Seatrade Maritime is part of the Informa Markets Division of Informa PLC

This site is operated by a business or businesses owned by Informa PLC and all copyright resides with them. Informa PLC's registered office is 5 Howick Place, London SW1P 1WG. Registered in England and Wales. Number 8860726.

Environment the loser as 53mt of diesel seep from Transocean Winner

Environment the loser as 53mt of diesel seep from Transocean Winner
The UK Maritime and Coastguard Agency (MCA) says “no pollution [has been] detected” around the grounded Transocean Winner despite confirming as much as 53mt of diesel is likely to have leaked from the wounded semi-submersible drilling rig.

Damage assessment teams from Dutch firm Smit Salvage and rig owner Transocean have discovered two of the rig’s four fuel tanks are leaking as salvage attempts enter a fourth day in testing conditions off Scotland’s Isle of Lewis.

“It is estimated that the maximum amount of diesel which could have been lost from those tanks is 53 tonnes,” MCA said in its latest statement following the grounding of the Transocean Winner in the early hours of Monday (UK time) when the 17,000 ton rig broke free from its tug towline in stormy seas enroute to Malta for scrapping.

The MCA lead its latest update by saying “There is no pollution detected in the area of the rig and the MCA continue to monitor for any pollution” before revealing the spilt diesel.

“As well as continual observations on scene, the MCA counter pollution surveillance aircraft yesterday flew over the location and surrounding area to make careful observations for pollution around the rig and the nearby coast and sea and no sheen or sign of pollution has been found.”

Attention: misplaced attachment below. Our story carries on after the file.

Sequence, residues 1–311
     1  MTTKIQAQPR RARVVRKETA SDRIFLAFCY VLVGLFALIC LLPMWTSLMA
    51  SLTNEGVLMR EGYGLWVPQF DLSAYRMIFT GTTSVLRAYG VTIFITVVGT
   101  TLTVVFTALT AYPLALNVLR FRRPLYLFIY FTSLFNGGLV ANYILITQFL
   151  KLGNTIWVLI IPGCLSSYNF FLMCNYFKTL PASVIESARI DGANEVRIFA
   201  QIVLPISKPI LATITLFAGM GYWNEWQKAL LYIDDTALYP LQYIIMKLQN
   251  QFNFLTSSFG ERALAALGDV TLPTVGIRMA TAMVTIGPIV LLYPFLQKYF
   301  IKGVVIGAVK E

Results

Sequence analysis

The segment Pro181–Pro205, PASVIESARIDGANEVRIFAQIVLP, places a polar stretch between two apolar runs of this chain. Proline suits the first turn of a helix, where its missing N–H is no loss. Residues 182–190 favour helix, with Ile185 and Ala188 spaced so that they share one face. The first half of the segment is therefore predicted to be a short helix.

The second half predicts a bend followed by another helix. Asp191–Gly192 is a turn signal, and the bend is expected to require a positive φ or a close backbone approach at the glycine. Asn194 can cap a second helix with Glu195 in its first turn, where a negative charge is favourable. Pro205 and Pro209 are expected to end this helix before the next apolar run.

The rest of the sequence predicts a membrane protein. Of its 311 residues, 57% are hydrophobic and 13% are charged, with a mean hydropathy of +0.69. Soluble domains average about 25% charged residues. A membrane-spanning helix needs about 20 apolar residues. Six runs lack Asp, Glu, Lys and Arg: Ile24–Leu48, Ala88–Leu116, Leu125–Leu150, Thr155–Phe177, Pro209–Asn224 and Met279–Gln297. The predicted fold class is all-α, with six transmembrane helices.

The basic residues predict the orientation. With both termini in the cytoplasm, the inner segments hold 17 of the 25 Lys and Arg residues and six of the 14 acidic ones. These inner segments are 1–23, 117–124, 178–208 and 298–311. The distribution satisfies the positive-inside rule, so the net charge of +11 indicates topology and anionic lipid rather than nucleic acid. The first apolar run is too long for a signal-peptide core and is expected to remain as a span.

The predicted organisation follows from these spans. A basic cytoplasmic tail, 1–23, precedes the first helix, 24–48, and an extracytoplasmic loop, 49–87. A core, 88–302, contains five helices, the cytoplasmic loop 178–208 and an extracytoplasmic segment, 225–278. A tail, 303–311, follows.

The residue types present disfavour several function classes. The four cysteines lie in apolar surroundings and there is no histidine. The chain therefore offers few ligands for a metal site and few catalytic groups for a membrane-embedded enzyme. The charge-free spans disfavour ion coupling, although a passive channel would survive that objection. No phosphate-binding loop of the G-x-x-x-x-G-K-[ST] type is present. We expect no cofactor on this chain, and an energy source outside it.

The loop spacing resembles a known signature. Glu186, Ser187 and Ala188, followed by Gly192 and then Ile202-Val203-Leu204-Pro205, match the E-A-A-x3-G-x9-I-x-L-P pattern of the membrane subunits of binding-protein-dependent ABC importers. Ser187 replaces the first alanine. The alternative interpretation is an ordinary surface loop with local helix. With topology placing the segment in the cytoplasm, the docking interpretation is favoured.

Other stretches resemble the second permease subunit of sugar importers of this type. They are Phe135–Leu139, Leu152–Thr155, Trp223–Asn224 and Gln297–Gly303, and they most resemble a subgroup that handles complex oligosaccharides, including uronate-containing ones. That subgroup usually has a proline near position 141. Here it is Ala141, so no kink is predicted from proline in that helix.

MCA confirmed the rig “remains in the same place” but media outlets have reported it has begun to list as it takes a repeated pounding from heavy swells.

Salvors will continue inspections on board the rig throughout the week and would attempt to ascertain the quantity of diesel remaining in Transocean Winner’s tanks during its on board operations, MCA said. Earlier reports suggest 280mt was on board.

The MCA statement attempted to dampen heightened environment concerns. “Diesel is a light and non-persistent oil which presents much lower environmental risks than heavy black crude oil”.

Additional salvors and technical experts from Transocean as well as new equipment continue to arrive to the incident area to support the operation, MCA say.

A temporary exclusion zone of 300mtrs remains in force. The tug Union Bear is in the vicinity along with the ETV Herakles to support the operation.

Hugh Shaw, the Secretary of State’s representative for maritime and salvage continues to monitor the operations and is maintaining touch with all the key stakeholders, including Transocean, Smit Salvage, the Scottish Environment Group and Western Isles Council.